Amazon is launching in Australia: Here’s why it’s a big deal for everyone

Posted: 17 November 2017 5:33 pm News

amazon australia

The "Amazon Effect" is real and far-reaching.

There have been few companies whose launch in Australia has caused such a stir. The reaction to Amazon launching here has been mixed as have the predictions, but the fact is that the retail giant's launch is going to have a huge effect on all Australians.

Here's a breakdown of the "Amazon Effect" for shoppers, retailers and people that don't even shop online.

For shoppers: More for less

At the most basic level, Australians will have a whole new place to buy items. But it's a whole lot more than just a new place to shop – it will change how a lot of Australians shop.

Take Amazon Prime for example. For US$99 per year, American Amazon shoppers can have their purchases delivered in two days for free. For an extra US$7.99, shoppers get access to Prime Now and can have their purchases within the hour. Those looking to complete their grocery shopping online – that's right, groceries – can pay US$14.99 a month for Amazon Fresh.

While Amazon Prime will not be available in Australia at launch, the understanding is that the rollout will be relatively fast, so we may not have to wait too long for Prime.

Apart from taking the convenience of shopping online to a whole new level, Amazon Australia is also going to be very hard to beat price-wise. When rumours of Amazon's launch first started swirling, the company was reportedly taking price points for all products it was going to have on its platform. The plan was to drop those prices by 30%.

For retailers: The good and the bad

While it's difficult to guess just how much of an effect Amazon will have on Australian retail, Amazon's launch into other markets can give us an idea of what to expect. At the Amazon Sellers Summit, Amazon Australia's country manager, Rocco Braeuniger, said Australia's rollout would be similar to the rollout in Spain. This means it is unlikely the expansion will be as slow as it was in the UK.

Amazon launched in Spain five years ago with a number of product categories. Spanish customers currently have access to 175 million products and the Prime Now service is able to deliver orders within one hour to customers in Barcelona and Madrid.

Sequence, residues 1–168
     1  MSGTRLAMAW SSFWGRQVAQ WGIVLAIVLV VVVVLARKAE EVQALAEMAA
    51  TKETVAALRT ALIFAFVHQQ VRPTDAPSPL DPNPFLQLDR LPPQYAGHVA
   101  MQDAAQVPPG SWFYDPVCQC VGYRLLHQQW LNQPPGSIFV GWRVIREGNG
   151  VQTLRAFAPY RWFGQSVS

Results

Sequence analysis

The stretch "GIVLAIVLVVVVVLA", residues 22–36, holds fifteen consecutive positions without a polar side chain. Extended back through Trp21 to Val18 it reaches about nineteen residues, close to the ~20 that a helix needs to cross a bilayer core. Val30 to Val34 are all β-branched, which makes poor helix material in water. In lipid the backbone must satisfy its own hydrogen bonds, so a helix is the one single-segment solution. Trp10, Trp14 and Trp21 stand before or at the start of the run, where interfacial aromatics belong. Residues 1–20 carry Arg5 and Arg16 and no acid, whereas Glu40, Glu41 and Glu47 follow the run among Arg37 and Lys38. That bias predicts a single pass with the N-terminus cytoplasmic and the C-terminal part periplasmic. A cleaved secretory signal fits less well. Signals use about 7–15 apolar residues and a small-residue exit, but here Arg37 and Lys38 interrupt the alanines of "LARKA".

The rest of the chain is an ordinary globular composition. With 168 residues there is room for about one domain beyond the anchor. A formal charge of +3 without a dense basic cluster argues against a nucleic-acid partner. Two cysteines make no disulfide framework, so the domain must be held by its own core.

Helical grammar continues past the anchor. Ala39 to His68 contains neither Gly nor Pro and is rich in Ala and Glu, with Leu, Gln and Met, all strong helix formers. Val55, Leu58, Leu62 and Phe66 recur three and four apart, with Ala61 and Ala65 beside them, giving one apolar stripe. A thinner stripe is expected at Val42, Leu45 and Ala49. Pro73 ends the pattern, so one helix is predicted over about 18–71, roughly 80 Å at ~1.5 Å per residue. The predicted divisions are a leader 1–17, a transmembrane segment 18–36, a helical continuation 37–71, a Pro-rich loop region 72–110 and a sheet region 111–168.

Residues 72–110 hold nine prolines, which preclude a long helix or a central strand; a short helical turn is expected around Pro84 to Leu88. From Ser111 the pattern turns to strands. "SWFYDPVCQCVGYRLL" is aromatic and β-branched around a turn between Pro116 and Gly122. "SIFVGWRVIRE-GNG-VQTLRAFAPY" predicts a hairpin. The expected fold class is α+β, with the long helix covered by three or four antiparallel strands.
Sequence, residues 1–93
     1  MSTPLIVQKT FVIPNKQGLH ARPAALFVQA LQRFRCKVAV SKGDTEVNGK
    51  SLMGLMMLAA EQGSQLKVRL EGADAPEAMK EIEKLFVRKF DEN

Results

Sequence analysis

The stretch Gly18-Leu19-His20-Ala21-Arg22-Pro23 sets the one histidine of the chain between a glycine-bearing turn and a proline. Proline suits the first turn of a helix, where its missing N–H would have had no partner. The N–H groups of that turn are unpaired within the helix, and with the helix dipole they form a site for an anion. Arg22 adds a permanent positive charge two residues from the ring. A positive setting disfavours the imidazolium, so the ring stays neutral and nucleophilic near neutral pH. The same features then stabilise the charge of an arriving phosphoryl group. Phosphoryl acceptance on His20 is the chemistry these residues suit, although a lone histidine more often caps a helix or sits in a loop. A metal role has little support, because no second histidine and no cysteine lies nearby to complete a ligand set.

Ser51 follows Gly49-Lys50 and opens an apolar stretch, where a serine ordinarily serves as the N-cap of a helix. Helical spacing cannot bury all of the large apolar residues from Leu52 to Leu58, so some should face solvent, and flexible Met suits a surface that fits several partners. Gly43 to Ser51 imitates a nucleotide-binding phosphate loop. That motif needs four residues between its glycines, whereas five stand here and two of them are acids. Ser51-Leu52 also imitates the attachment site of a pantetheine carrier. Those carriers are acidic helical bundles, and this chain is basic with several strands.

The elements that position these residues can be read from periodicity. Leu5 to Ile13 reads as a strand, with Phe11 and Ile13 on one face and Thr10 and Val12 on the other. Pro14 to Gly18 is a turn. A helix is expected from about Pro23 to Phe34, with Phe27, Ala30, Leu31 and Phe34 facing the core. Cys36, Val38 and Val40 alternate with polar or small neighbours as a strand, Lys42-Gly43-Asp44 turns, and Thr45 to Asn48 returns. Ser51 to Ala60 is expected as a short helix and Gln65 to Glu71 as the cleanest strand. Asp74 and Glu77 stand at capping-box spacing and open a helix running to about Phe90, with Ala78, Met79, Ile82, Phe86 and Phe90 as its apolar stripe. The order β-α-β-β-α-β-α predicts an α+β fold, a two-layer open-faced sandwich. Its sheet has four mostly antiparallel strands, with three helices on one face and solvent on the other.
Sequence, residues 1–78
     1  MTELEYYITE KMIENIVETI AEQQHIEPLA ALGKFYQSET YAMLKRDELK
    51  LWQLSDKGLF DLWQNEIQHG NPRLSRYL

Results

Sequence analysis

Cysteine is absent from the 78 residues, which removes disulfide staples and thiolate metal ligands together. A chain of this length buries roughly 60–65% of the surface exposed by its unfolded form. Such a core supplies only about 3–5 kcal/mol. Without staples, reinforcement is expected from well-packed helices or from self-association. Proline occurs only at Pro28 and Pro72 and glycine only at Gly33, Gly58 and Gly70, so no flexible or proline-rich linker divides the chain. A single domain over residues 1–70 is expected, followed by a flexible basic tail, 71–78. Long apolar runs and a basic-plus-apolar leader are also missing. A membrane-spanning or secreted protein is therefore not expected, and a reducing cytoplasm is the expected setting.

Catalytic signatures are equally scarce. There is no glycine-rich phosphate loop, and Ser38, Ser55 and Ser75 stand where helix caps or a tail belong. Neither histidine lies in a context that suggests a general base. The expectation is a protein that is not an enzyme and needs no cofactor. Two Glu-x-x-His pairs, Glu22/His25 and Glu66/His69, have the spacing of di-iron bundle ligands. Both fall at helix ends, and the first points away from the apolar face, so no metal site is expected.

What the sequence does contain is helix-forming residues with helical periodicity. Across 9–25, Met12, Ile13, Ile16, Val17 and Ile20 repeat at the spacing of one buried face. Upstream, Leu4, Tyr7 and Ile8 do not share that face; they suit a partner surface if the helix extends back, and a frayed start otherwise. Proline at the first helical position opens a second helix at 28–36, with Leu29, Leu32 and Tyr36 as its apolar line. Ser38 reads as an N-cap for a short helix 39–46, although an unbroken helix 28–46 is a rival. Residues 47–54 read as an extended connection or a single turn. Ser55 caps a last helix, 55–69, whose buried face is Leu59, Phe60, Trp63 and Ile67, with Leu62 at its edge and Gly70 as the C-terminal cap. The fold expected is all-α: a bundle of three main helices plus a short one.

• The good: More opportunity and a lower entry barrier

To sign up to sell on Amazon's Marketplace, all you need is a business email and a business name. Obviously, you need something to sell, but selling products on Amazon is comparatively cheaper than setting up your own online store. While not available at launch, Amazon Australia will also be launching Fulfillment by Amazon (FBA), which will take care of all product storage and shipping for you for a fee.

Amazon's Marketplace also gives you access to a much larger customer base from the minute you start selling.

Retailers that do not list on Amazon's platform are not necessarily at a disadvantage as long as they keep up with the changing demands of Australian retailers. For example, when Prime is launched, Australians will have more online shopping options where they can get fast delivery. Retailers that still want to remain competitive online will need to keep up to compete.

  • The bad: Amazon will deliver cheaper products

Amazon has taken and maintained a huge market share in the US. It has expanded its platform into a range of categories, including groceries as well as web services through its Amazon Cloud Services. Its cloud business is so profitable that Amazon is able to cut prices in other key areas.